The return after two years of Soijl, the band founded by former Saturnus guitarist Mattias Svensson, can only be good news for all lovers of melodic death doom. As written at the time, in relation to the debut album Endless Elysian Fields, those who were involved in the creation of a masterpiece like Saturn In Ascension can not certainly ignore or repudiate the contents, so that Soijl‘s is an interpretation of the genre that is close to that of the Danish masters, without adhering slavishly. In fact, the sound that the Swedish guitarist continues to offer is, in some ways, less immediate than that of Saturnus, thanks to a gait at times more sullen and that, however, does not come less even certain influences from the overseas scene.
That’s why As The Sun Sets On Life is an album that leaves some doubts during the first two or three listening sessions, and then finally shows its true features, those of an excellent example of painful and exciting music. Compared to the previous full length, Svensson didn’t take care of all the instruments, entrusting the drums to the young Malphas and confirming, instead, the excellent Henrik Kindvall at the voice: in essence, little changes, both in the characteristics of a sound that has clear and unequivocal coordinates, and in the quality with which these are followed. As The Sun Sets On Life develops for a little more than an hour, offering a death doom in which the influences of the main schools are reworked in the best possible way, returning them impeccably with personality and brilliance, with a special mention for the trio Weapon Of Primordial Chaos, Salvation, Deception and Spiritual Asphyxiation, tracks that one after the other demonstrate without any doubt the goodness of Svensson’s compositional work. Maybe we don’t find a clear progress compared to the previous work, also because the starting base was already consistent, but we are certainly in the presence of a remarkable test, able to reaffirm a prominent position of Soijl in the scale of values of the scene, and it’s not little.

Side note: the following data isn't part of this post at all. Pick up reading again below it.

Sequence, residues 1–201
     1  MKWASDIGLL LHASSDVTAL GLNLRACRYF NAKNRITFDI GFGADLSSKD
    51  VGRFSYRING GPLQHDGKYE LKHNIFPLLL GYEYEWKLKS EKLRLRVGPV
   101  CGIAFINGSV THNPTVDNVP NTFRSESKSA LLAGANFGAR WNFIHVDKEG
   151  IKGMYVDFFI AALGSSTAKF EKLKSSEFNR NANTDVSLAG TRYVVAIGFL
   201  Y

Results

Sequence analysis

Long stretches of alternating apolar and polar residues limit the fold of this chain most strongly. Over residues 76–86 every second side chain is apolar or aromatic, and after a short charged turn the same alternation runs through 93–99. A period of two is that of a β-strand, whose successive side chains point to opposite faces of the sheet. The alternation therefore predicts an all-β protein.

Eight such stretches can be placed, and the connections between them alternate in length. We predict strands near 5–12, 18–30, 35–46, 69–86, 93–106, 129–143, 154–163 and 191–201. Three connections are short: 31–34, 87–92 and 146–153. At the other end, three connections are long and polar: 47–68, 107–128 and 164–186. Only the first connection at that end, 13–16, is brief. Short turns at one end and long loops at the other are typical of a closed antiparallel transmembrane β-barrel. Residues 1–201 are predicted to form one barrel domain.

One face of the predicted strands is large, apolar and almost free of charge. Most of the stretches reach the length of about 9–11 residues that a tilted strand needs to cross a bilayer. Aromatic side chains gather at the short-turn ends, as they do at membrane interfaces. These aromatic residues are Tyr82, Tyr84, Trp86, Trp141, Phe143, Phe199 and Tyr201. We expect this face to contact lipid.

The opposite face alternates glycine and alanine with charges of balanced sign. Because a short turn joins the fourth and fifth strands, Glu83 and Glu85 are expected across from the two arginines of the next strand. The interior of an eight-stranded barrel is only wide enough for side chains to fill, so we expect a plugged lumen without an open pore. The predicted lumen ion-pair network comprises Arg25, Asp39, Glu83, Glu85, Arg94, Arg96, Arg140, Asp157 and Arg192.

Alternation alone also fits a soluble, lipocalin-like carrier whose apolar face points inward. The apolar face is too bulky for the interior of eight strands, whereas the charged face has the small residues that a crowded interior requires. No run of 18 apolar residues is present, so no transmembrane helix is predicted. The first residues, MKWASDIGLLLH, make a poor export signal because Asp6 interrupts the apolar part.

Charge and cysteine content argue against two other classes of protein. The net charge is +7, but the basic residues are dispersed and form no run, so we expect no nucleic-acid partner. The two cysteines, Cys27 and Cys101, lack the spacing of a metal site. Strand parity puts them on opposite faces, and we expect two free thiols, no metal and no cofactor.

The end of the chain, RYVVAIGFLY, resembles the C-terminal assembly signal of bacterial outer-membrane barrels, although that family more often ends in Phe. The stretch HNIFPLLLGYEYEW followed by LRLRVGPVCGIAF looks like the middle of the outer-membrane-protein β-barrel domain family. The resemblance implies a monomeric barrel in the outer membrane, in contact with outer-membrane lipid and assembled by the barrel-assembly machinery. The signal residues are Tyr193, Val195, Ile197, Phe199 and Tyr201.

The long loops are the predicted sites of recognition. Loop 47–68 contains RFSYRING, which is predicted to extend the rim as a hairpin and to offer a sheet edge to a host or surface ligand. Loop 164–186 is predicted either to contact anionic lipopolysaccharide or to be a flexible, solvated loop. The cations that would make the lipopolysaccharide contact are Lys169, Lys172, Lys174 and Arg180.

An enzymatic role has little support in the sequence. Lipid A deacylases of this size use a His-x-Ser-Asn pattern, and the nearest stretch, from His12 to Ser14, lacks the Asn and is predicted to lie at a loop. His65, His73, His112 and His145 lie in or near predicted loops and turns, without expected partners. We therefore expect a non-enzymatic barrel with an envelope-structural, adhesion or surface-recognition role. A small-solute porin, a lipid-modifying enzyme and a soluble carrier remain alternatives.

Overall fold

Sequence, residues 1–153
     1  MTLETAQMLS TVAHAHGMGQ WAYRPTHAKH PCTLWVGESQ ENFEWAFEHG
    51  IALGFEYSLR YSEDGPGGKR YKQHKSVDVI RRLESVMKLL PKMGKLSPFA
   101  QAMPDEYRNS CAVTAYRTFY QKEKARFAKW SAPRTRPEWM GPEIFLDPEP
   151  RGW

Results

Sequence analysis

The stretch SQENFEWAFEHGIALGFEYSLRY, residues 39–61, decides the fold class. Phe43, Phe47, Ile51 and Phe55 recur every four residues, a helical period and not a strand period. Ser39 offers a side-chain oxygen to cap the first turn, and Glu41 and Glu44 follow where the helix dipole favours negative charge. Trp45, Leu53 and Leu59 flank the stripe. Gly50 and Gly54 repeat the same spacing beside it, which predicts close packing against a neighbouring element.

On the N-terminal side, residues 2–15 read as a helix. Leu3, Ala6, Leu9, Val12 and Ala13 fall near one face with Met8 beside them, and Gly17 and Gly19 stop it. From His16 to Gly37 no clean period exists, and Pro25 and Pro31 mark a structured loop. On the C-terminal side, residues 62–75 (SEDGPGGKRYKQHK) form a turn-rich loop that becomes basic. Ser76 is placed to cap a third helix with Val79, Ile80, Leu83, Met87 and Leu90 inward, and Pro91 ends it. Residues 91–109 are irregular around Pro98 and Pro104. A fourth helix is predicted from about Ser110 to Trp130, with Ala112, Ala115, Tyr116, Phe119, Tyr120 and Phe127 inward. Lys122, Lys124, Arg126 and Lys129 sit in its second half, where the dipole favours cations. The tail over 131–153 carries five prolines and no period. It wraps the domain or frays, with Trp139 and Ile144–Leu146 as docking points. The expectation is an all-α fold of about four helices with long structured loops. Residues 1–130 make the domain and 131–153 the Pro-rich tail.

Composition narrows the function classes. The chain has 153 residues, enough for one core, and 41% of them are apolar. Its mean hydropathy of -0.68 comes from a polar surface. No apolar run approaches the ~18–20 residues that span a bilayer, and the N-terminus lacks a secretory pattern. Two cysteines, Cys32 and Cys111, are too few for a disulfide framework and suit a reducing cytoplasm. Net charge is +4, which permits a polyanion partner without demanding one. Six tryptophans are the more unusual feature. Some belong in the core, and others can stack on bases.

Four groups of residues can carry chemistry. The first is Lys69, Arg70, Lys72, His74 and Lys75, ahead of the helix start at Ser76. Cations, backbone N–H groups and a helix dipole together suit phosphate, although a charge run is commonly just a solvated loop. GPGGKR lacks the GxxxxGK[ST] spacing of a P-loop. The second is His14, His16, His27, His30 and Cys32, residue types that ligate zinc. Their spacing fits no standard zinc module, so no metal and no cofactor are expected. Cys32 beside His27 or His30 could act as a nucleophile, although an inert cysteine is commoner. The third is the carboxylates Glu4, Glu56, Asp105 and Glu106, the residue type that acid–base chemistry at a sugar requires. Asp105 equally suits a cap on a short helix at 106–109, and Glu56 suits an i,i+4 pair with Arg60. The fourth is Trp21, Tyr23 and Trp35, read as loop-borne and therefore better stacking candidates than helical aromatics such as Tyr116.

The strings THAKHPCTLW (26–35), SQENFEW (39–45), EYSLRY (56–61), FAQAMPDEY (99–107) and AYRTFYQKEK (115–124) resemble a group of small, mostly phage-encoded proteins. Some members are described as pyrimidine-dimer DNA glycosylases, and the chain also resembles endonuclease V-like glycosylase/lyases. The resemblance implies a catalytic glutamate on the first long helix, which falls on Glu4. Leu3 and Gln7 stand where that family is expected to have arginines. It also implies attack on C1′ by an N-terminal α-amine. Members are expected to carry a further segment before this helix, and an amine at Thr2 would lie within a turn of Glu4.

2017 – Solitude Productions